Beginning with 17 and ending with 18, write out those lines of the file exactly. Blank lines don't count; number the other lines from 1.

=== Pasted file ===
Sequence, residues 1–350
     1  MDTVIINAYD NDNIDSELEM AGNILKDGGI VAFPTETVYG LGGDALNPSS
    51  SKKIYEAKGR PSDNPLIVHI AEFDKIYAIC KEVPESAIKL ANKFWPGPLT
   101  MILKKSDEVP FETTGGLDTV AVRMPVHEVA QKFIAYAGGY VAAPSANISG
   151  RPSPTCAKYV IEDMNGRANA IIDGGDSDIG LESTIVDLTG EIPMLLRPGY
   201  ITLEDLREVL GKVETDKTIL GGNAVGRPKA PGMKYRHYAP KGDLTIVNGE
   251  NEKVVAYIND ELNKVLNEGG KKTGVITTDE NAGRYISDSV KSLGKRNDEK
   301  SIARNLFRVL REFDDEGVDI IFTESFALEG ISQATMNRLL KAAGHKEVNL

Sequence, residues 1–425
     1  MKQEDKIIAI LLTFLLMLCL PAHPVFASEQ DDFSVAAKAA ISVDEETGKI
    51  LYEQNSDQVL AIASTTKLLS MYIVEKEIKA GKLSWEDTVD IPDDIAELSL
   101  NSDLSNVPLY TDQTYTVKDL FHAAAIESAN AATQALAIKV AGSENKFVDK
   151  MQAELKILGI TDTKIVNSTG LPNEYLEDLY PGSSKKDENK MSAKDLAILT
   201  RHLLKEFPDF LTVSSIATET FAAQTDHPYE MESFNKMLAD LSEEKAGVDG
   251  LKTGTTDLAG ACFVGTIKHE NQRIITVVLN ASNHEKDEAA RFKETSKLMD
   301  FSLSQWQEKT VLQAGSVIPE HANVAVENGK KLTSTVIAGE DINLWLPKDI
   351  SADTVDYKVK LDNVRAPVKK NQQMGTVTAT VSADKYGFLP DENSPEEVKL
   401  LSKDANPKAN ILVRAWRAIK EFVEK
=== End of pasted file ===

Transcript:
   351  SADTVDYKVK LDNVRAPVKK NQQMGTVTAT VSADKYGFLP DENSPEEVKL
   401  LSKDANPKAN ILVRAWRAIK EFVEK